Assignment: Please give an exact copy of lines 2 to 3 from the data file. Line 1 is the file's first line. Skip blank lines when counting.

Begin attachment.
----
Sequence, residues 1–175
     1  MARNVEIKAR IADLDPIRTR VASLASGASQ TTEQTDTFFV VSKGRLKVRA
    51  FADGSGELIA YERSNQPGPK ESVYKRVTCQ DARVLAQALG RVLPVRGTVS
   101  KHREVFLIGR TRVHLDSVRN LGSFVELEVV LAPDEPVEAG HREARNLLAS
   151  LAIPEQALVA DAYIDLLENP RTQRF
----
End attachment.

     1  MARNVEIKAR IADLDPIRTR VASLASGASQ TTEQTDTFFV VSKGRLKVRA
    51  FADGSGELIA YERSNQPGPK ESVYKRVTCQ DARVLAQALG RVLPVRGTVS